Engaging students through authentic research experiences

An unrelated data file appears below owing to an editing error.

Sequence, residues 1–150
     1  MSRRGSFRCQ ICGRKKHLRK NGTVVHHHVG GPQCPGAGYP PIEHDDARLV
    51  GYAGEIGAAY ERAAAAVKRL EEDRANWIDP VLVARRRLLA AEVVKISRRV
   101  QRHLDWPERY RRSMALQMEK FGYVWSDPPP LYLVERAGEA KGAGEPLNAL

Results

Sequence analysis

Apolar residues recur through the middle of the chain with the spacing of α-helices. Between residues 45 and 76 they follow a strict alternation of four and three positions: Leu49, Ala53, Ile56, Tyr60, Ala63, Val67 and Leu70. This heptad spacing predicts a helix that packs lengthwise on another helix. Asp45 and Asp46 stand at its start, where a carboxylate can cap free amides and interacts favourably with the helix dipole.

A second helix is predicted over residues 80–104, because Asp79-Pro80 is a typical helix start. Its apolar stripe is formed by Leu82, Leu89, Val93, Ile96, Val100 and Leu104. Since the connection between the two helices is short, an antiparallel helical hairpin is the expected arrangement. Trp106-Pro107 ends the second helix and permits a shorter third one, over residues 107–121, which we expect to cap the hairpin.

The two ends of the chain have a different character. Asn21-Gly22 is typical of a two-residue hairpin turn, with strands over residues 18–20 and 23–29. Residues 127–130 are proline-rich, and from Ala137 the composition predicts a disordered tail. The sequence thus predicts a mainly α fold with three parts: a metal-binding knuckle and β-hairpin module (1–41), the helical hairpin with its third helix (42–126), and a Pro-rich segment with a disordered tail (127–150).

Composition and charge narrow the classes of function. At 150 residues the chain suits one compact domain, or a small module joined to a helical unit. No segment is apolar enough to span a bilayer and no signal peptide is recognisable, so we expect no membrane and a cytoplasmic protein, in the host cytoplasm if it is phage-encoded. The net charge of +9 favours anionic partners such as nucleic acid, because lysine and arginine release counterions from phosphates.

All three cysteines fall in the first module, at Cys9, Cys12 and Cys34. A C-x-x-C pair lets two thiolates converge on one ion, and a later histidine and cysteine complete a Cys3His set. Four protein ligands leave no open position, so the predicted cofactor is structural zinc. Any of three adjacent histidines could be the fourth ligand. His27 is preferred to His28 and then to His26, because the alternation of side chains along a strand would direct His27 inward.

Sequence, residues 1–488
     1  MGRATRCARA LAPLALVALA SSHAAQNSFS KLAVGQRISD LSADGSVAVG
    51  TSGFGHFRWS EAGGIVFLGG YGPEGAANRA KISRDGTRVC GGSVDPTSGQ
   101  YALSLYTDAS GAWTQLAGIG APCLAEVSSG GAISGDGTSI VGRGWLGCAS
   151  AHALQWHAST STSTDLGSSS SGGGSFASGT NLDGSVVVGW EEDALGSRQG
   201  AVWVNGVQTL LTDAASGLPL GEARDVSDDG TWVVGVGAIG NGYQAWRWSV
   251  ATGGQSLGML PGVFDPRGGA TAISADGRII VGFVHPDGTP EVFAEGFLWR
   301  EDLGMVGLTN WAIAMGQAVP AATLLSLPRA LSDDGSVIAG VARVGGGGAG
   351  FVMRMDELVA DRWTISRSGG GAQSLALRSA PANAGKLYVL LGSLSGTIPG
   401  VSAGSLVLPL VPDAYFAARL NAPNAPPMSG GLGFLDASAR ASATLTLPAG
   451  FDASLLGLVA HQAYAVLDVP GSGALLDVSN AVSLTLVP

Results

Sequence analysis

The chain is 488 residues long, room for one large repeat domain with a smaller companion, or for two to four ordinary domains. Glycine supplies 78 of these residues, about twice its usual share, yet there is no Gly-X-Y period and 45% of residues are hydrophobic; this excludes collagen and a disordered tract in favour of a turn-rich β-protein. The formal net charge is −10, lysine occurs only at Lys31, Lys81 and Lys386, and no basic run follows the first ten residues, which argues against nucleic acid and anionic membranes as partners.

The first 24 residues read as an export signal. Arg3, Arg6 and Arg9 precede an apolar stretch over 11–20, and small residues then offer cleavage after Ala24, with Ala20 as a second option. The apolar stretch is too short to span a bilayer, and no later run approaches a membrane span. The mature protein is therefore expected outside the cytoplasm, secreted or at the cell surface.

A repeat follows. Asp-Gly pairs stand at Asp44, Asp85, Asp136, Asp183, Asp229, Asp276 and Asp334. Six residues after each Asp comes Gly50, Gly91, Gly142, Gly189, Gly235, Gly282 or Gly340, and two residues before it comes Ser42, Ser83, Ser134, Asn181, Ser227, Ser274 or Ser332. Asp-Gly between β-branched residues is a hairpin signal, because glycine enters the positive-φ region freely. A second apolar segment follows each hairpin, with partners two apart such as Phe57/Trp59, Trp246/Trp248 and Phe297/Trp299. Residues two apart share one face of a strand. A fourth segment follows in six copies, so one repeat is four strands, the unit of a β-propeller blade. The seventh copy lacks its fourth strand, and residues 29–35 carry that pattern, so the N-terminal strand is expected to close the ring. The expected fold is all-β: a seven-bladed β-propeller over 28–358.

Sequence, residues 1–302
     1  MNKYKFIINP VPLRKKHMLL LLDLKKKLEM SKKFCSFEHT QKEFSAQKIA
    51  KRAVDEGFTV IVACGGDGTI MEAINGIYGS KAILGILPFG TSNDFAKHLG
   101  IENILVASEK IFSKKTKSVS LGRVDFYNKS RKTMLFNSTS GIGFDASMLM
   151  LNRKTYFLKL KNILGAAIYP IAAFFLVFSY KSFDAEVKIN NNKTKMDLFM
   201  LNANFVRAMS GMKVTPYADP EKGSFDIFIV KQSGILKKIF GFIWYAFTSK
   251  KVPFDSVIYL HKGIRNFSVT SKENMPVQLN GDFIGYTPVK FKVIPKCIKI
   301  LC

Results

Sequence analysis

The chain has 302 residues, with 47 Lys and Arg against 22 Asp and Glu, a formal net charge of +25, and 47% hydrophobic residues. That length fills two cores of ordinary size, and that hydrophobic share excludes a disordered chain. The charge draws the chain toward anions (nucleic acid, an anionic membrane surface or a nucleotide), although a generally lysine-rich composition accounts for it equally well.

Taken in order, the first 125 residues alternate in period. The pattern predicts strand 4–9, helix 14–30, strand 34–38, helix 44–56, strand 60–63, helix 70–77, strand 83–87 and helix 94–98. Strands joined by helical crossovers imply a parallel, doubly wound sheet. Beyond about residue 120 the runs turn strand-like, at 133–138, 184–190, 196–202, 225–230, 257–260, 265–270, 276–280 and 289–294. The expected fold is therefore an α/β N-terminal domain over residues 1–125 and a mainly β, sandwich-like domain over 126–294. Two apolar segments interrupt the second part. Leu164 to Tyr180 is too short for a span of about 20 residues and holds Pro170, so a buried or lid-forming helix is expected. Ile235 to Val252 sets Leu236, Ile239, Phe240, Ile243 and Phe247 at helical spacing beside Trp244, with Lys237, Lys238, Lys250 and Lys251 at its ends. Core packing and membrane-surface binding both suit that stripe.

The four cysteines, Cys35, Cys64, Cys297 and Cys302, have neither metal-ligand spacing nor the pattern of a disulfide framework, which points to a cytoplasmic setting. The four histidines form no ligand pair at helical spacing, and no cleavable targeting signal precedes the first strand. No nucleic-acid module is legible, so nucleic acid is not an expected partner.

AbstractStudent involvement is vital to engagement, making learning experiences more meaningful, and can be enriched by student-faculty interactions and diversity of learning environments (Smith et al. 2005). Experiential learning, in particular ‘hands on’ opportunities, can enhance undergraduate experiences and engender increased enthusiasm for the subject, as well as confidence on the part of students that they are being adequately prepared for science-related careers or postgraduate study (Gawel and Greengrove 2005). At the same time, quantifying the positive influence of student engagement with learning through authentic research experiences can be difficult (Griffiths 2004). Despite curricula emphasizing student-led enquiry, some students still struggle to find relevance and excitement in their undergraduate courses. Working from the Garnett and Holmes’ (1995) model of how both students and academics can benefit from research, we have designed an incremental suite of learning activities across the three years of the zoology undergraduate curriculum that extends and enhances the student experience. The aims of the program are to extend and challenge our undergraduate students by exposing them to current ‘hot topics’ in zoological research; enhance students’ appreciation of methodology, philosophy and outcomes of scientific research; enthuse students about the exciting research being carried out in zoology in Tasmania and encourage them to think of themselves as the researchers of the future. Here we describe several components of this program (summarised in Figure 1) which have been implemented and evaluated via student feedback.